Indianz.Com > COVID-19 > Navajo Nation (Arizona, New Mexico, Utah)
Posted: November 18, 2020

navajocovid19

The Navajo Nation

Office of the President and Vice President

FOR IMMEDIATE RELEASE
November 17, 2020

146 new cases, 8,011 recoveries, and two more deaths related to COVID-19 

as Department of Health identifies 55 communities with uncontrolled spread

WINDOW ROCK, Ariz. – On Tuesday, the Navajo Department of Health, in coordination with the Navajo Epidemiology Center and the Navajo Area Indian Health Service, reported 146 new COVID-19 positive cases for the Navajo Nation and two more deaths. The total number of deaths is now 605 as of Tuesday. Reports indicate that 8,011 individuals have recovered from COVID-19, and 141,166 COVID-19 tests have been administered. The total number of positive COVID-19 cases is now 13,744, including two delayed unreported cases.

Navajo Nation COVID-19 positive cases by Service Unit:

  • Chinle Service Unit: 3,002
  • Crownpoint Service Unit: 1,494
  • Ft. Defiance Service Unit: 1,385
  • Gallup Service Unit: 2,171
  • Kayenta Service Unit: 1,523
  • Shiprock Service Unit: 2,018
  • Tuba City Service Unit: 1,443
  • Winslow Service Unit: 699

* Nine residences with COVID-19 positive cases are not specific enough to place them accurately in a Service Unit.

The Navajo Nation’s three-week stay-at-home lockdown remains in effect 24-hours a day, seven days a week with the exception of essential workers, cases of emergencies, and to purchase essential items such as food and medication when essential businesses are open from 7:00 a.m. to 3:00 p.m. daily. On Tuesday, the state of New Mexico reported 2,112 new cases of COVID-19, the state of Arizona reported 2,984 new cases, and Utah reported 3,178 cases.

The Navajo Department of Health has identified the following 55 communities with uncontrolled spread of COVID-19 from Oct. 30 to Nov. 12:

Alamo

Bread Springs

Baca/Prewitt

Bird Springs*

Bodaway/Gap

Cameron

Casamero Lake*

Chichiltah

Chilchinbeto*

Chinle

Churchrock

Counselor*

Coyote Canyon*

Crownpoint

Dilkon*

Forest Lake*

Fort Defiance*

Gadiiahi*

Ganado*

 

Hogback*

Houck*

Indian Wells*

Iyanbito*

Kaibeto*

Kayenta

Leupp*

Lupton*

Many Farms*

Mariano Lake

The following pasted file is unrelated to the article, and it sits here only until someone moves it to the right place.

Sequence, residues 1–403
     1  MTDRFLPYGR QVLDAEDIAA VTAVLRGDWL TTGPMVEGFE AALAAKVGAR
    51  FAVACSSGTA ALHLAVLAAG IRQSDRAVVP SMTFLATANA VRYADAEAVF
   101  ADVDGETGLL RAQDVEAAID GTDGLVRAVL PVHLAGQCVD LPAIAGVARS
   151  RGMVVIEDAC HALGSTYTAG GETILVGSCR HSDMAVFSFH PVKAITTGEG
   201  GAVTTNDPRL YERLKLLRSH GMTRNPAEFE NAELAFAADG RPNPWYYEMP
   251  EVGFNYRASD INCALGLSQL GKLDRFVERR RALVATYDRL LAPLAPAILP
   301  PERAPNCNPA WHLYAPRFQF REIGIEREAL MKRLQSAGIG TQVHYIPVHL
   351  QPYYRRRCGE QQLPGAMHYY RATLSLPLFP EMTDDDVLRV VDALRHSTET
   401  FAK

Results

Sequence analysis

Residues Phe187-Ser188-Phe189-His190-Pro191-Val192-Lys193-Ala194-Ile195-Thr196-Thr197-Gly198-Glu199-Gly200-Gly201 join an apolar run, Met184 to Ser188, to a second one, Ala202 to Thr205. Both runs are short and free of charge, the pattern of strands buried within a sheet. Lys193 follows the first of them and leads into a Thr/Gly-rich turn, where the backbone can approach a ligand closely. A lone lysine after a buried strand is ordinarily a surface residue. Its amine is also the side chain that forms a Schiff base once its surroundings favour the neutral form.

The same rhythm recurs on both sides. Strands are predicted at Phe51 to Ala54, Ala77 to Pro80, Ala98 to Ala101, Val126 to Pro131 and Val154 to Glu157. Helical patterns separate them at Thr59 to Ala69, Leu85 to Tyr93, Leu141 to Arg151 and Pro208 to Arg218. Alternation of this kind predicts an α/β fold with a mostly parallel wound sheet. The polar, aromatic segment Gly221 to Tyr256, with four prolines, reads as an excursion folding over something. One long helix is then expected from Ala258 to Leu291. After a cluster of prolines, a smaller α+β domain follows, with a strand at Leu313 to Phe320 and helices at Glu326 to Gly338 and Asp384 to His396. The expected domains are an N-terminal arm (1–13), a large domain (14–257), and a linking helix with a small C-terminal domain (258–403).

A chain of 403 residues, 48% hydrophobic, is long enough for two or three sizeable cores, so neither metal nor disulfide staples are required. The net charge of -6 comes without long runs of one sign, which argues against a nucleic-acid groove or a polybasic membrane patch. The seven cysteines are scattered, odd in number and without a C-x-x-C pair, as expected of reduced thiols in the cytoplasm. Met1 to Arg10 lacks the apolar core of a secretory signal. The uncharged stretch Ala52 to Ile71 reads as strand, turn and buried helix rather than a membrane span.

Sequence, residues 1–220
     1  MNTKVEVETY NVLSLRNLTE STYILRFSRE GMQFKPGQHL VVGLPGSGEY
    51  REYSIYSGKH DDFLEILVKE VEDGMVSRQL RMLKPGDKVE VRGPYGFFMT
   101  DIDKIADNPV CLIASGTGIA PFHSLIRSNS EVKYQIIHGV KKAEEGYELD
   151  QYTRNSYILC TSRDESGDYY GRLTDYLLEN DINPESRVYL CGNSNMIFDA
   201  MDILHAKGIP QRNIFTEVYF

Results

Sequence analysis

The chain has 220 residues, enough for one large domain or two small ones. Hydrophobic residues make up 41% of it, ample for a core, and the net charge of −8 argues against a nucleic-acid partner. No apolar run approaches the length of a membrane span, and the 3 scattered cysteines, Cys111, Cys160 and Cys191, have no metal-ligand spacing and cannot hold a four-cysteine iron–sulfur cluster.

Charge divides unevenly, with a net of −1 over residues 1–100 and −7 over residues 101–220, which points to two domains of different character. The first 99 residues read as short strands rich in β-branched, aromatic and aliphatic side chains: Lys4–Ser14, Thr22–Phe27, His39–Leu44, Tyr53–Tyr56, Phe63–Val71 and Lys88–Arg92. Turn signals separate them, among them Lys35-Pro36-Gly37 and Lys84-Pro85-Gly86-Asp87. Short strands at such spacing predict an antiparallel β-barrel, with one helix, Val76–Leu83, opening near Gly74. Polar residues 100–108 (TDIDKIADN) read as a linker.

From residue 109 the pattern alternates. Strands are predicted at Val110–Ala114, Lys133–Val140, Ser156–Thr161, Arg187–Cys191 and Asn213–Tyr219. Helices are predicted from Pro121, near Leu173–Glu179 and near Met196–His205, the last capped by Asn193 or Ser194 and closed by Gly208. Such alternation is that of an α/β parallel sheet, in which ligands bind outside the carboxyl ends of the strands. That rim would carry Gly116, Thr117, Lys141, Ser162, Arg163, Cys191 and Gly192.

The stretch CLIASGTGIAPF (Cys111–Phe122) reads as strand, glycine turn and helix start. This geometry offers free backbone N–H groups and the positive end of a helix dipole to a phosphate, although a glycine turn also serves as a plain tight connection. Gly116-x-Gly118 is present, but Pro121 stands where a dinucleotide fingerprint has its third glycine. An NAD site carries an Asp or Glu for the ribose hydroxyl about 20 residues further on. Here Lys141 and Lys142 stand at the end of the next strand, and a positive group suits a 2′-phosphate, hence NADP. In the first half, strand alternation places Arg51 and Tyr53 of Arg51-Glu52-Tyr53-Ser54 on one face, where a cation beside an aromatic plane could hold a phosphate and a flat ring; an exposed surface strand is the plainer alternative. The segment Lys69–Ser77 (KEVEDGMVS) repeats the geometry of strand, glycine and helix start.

Nahatadziil*

Nahodishgish

Naschitti

Pinedale

Pinon

Pueblo Pintado*

Rock Point

Rock Springs

Round Rock

 

Sanostee*

Sheepsprings

Shiprock

Smith Lake

St. Michaels*

Teec Nos Pos*

Thoreau

Tohajiilee

Tohatchi

Tonalea

Tsayatoh

Tselani/Cottonwood*

Tuba City

Twin Lakes*

Upper Fruitland*

Whippoorwill*

White Cone*

* Chapters added in the new 14-day period

“This invisible monster known as COVID-19 is devastating our country and the Navajo Nation. We cannot be complacent and careless about where we go, who we interact with, and the everyday choices we make. We love our Navajo people and we want everyone to be safe and healthy, but there are far too many people that continue to travel, to hold gatherings, and put themselves at unnecessary risk of catching the virus. We also want to thank the majority of our people who are staying home and adhering to the public health orders. We all have to remember that anyone can get COVID-19, but not everyone shows symptoms and that makes this virus very dangerous and potentially deadly. Everyone should be staying home 24/7 unless you are an essential employee and required to report to work, or if you have an emergency, or to get essential items like groceries or medication. Stay home, wear a mask if you must go into public, do not attend or hold in-person gatherings, practice social distancing, and wash your hands often,” said Navajo Nation President Jonathan Nez.

To encourage residents to stay local during the three-week stay-at-home lockdown, gas stations, grocery stores, laundromats, and restaurants and food establishments will remain open between the hours of 7:00 a.m. (MST) and 3:00 p.m. (MST). These businesses are required to ensure employees and customers wear masks, practice social distancing, disinfect high-touch surfaces, access to hand wash stations, sanitizers and gloves, and limit the number of customers in any enclosed areas.

“Many families are grieving and we have to keep them in mind as we go about our daily activities. Please make good decisions and please be safe. We know that the pandemic is also taking its toll on the mental health of many, so please pray for yourselves and all of our Navajo people. We will come out of this pandemic stronger and more resilient,” said Vice President Myron Lizer.

For more information, including helpful prevention tips, and resources to help stop the spread of COVID-19, visit the Navajo Department of Health’s COVID-19 website: http://www.ndoh.navajo-nsn.gov/COVID-19. For COVID-19 related questions and information, call (928) 871-7014.

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